As trivial as it might seem, planning how you will hand out the name badges at your event could save time and frustration to your team and most importantly the guests.
Here are some of the best strategies and the situations they best apply to.
Shipping the badges
This strategy is by far the most expensive and complicated to deploy for the management team, but also the most elegant and non-intrusive for the attendees.
You basically order all badges ahead of time and create individual envelopes with the assembled badge and lanyard and you get them mailed. This can be done by your team or by a fulfilling company that charge you for a service like this.
This works for premium events, where personalization and attention to detail is very important. After paying $1,500 for admission, you don’t want to wait 20 minutes at the registration table to get your badge.
You will still need an on-site solution, like ours, that let’s you create and print badges on the spot. There’s always someone who forgets the badge at home or simply looses it during the event.
Also, for this strategy to work efficiently you need to add QR codes that when scanned they check-in the attendee, otherwise keeping count of who attended can get tricky and would kill all the time gained by mailing the badges.
Emailing the badges
In you have a limited budget and your event is rather small you could generate PDF name badges and email individual copies to your attendees for them to print at home.
This will take time, but it will save you money on ink and paper.
Don’t forget that attendees still need to attach or hang the badge somehow to themselves so you will still need to source lanyards, pins or clips, and maybe badge holders too.
In my opinion, this is the worst way to hand out badges, it’s painful for attendees and for the management team.
If you’re tight on money I recommend creating PDF badges and printing on self-adhesive labels, you will save money on attachment mechanisms and holders.
BONUS: On the other hand, if your audience is tech-savvy emailing the badges is a perfect way to save resources.
They could display their badge in their phone. True, the main idea of badges is to know a person’s name and other info with just a quick glance. Having to take out your phone sort of defeats that purpose.
BUT If you add vCard QR codes to your digital badges, you still leave the attendees the opportunity to do lead retrieval easily.
This can be the best or the worst way, it heavily depends on the team’s organization skills and equipment. Taking these two variables out of the equation this strategy works for both big and small events.
But a third variable is the most important. I’m talking about the flow of attendees. If your event is made almost entirely of walk-ins. Or if it’s a massive free one (even if registration is needed), because a lot of people might not show up, leaving you with unused badges and wasted resources. So you must print on demand.
Now, let’s talk about organization skills and equipment.
If you have a rather large event, you might want to split the registration table in 4 or 5 separate ones, based on the attendees last name for example (Table 1 last names from A-F, Table 2 G-L, etc). You could also have a few lanes per table to speed things up even more.
Equipment-wise, you will need a laptop and a printer. Depending on which solution you choose for badge making, you might also need an internet connection, special sized paper, etc. If you choose our service, in terms of printers, you only need one that accepts PDF files, some label printers accept this kind of files too. With us you can also get custom-made micro-perforated paper that prints one double-sided badge at a time, so no waste.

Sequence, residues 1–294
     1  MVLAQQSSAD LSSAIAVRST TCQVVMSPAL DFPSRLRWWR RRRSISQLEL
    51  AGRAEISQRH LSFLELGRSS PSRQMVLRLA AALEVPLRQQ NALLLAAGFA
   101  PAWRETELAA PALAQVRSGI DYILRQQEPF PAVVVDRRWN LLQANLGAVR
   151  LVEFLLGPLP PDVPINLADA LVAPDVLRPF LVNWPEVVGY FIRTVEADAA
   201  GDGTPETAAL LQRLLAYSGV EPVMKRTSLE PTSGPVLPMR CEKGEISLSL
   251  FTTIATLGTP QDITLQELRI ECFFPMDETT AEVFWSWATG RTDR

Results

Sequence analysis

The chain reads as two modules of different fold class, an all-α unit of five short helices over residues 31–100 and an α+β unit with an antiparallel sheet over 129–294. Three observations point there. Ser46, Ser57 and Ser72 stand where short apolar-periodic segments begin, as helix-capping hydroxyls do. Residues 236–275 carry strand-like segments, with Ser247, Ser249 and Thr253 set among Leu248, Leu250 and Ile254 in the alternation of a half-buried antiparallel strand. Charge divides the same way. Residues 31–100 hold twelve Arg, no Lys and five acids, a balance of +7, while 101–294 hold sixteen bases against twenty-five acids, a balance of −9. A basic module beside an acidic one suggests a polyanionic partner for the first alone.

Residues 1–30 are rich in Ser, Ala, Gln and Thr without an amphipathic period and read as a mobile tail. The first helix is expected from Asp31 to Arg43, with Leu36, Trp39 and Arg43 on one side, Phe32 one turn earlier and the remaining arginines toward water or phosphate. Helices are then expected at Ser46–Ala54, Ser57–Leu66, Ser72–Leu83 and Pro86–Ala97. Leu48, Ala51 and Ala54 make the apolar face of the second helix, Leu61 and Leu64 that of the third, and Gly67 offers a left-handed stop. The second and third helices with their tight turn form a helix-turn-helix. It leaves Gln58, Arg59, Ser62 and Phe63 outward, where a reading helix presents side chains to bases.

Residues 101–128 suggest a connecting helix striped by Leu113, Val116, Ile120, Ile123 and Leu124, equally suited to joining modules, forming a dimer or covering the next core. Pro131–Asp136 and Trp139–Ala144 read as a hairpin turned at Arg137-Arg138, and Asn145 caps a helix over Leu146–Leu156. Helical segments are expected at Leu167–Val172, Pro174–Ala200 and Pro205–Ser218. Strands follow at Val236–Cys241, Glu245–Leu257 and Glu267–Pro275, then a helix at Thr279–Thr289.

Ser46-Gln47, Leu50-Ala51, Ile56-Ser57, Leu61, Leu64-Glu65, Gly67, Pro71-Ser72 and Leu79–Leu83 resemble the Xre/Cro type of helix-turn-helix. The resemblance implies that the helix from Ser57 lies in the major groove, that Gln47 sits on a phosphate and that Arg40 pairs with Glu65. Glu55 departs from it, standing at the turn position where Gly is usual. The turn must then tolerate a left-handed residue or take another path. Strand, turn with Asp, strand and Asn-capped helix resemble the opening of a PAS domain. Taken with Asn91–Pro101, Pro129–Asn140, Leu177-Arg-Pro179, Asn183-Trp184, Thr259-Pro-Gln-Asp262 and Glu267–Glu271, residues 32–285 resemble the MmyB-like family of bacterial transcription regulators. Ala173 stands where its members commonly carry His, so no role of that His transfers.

If you are organizing an event (big or small )where attendees pay for the admission, it’s safe to pre-print all badges in advance and only have a backup print station, for misspelled names and walk-ins.
Lay out the badges
This works great for small events (up to 100 attendees). You basically take out the badges from the box they came in lay them out on a table, you can put alphabetical tabs separating the name badges by the last name’s initial letter.
TIP: Do not attach the lanyards to the badges, the table will look like a mess, and lanyards will intertwine with each other. Next to the table put a small hanger with the lanyards and let attendees take one and attach it themselves to the badge, it won’t take them more than 5 seconds and it will save you an hour of work, easily.
Lay out the badges — Tray variation
Instead of putting the badges directly on the table you can buy these trays. They can hold 50 badges each and look nice on the registration table.
For large events the only drawback is the space the take and shipping these can be costly, because of their volume.
Also if you are buying them try to reuse them in future events, it’s a lot of plastic waste.
Hand them out one by one
This strategy might be the least time-consuming and easier to organize.
Basically, an attendee arrives, you comb the names, hand out the badge and lanyard. You’re done.
You can also check attendees in with a scanner or manually on a spreadsheet, this way you kill two birds with one stone.
TIP: For high profile events, you can easily add a layer of security to this method by asking for a photo ID.
For big events, as with other methods, , you can split the registration table to accommodate guests faster.
Here at Conference Badge we deliver the badges in small boxes of about 100 badges each, all neatly organized with alphabetical tabs to easily find a attendee’s name. This setup has proven to be the most cost effective (where customers pay less in shipping) and the fastest when looking up for an attendees name.
So there you go those are the 6 most conventional way to hand out name badges at events.
If you have other ideas, go ahead and add them in the comments!